On Friday the World Health Organization took the fight against online health misinformation to TikTok, the same day it elevated its coronavirus threat assessment tothe organization’s highest possible level.
“We are on the highest level of alert or highest level of risk assessment in terms of spread and in terms of impact,” said Dr. Mike Ryan, head of WHO’s health emergencies program,at a recent press conference in Geneva. “This is a reality check for every government on the planet: Wake up. Get ready. This virus may be on its way and you need to be ready. You have a duty to your citizens, you have a duty to the world to be ready.”
The announcement came amid news that, as of Friday, more than 4,300 cases of the new coronavirus in at least 48 countries have been confirmed, including 67 deaths.
According to WHO Director-General Tedros Adhanom Ghebreyesus, there isn’t any “evidence as of yet that the virus is spreading freely in communities,” but minimizing your health risks in these kinds of outbreaks can’t hurt. That’s why for its first TikTok, WHO—the public health arm of the United Nations—demonstrates what the average person can do to help shield themselves from the new coronavirus.
In the video, Benedetta Allegranzi, the group’s technical lead of infection prevention, directs viewers toWHO’s website and walks through a few sanitary precautions like washing your hands frequently and how to properly cover a cough or sneeze. Which are honestly just best practices you should adopt every day, ongoing global outbreak or not.
She also breaks down when to contact your doctor (if you’re having symptoms like coughing, fever, and respiratory problems) and when to simply try to stay inside and wait it out (if you haven’t traveled recently and only have mild symptoms).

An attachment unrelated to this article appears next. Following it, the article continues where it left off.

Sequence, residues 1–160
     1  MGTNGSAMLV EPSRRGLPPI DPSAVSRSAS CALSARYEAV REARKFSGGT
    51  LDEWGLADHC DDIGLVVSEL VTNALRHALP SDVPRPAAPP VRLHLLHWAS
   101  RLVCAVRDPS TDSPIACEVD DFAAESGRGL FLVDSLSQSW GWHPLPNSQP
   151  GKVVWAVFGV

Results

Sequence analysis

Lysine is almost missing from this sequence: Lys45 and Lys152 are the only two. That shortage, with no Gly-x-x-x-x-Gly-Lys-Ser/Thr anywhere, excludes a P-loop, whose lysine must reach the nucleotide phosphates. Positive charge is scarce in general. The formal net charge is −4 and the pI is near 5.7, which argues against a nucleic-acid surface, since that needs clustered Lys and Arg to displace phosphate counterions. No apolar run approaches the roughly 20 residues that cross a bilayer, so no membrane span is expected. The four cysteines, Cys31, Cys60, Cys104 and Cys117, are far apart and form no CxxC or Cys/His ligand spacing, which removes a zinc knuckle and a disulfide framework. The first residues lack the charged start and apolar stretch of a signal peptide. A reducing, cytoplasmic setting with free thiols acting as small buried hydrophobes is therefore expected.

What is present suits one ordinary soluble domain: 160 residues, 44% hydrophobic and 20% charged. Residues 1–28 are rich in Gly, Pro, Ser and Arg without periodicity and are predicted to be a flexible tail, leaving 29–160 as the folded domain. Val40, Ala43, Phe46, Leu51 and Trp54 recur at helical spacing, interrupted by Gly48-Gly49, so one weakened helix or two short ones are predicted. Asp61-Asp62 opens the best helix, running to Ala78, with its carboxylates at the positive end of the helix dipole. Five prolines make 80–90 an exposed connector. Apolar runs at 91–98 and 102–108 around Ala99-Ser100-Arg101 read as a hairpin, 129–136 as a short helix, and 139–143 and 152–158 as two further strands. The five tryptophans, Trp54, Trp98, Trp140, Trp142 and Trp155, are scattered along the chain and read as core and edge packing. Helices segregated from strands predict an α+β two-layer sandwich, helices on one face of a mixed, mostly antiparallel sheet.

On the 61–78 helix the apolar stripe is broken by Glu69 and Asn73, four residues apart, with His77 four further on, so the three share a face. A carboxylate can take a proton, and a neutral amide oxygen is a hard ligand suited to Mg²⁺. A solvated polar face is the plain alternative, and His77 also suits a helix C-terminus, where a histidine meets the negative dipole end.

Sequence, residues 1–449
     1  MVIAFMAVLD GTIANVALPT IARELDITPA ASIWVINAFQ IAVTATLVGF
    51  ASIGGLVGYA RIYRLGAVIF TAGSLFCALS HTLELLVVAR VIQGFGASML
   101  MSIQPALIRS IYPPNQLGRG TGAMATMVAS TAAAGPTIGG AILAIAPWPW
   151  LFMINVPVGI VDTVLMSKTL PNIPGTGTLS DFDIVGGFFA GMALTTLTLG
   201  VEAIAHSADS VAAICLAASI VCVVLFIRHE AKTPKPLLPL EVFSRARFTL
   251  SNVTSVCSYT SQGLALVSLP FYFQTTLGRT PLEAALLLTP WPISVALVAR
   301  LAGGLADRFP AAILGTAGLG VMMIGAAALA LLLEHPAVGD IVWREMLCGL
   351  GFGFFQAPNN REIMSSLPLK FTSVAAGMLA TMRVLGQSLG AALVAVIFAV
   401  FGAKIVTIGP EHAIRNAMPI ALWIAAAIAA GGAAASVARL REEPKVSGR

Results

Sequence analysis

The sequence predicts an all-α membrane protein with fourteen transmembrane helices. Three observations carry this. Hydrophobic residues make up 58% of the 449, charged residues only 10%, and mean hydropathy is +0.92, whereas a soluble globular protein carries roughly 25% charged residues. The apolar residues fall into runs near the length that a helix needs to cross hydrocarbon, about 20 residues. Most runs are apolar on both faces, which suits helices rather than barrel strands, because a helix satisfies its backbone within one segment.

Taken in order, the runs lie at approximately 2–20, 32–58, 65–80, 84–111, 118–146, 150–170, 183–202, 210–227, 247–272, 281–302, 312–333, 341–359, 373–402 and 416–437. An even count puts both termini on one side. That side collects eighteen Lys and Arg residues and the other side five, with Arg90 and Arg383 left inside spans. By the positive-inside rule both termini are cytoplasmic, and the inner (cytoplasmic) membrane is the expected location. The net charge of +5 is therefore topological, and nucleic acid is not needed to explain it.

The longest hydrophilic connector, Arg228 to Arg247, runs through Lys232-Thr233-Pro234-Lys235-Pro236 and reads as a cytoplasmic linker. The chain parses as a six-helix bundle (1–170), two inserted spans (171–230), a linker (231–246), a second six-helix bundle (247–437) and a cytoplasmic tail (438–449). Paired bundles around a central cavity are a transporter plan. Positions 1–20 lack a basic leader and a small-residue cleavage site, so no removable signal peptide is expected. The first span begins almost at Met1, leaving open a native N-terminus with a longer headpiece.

“We are joining @tiktok to provide you with reliable and timely public health advice,” the video’s description reads. The organization did not immediately respond to Gizmodo’s request for comment.
WHO isn’t the first major global organization to start using TikTok to help set the record straight about the ongoing outbreak. Both Unicef and the Red Cross have begun pushing out videos to tackle rumors, myths, and memes, because after all this is the internet we’re talking about. A place where some people are dumb enoughto fake videos of themselves becoming infectedor claimthey’ve been diagnosed with COVID-19, the disease caused by this novel coronavirus, to get those sweet views.
A company spokesperson told Gizmodo via email that TikTok’s committed to working in tandem with WHO’s efforts “as part of fostering a safe community for our users.”
“For TikTok users who explore hashtags related to the coronavirus, we also provide easy access from the app to the WHO website and other trusted resources,” the TikTok spokesperson continued. “Our in-app notice also reminds users to report content that violates our Community Guidelines, which includes misinformation that could cause harm to our community or the larger public.”
Other social media platformssuch as Twitter and Facebookhave adopted similar strategies to help keep legitimate health resources near the top of search results. regarding the virus. On top of curbing the spread of conspiracies and myths about COVID-19, Facebook, Amazon, and other e-commerce sites also recently gained another fearmongering headache: a burgeoning market for products aiming toprofit off coronavirus fearswith some good, old-fashionedsnake-oil salesmanship.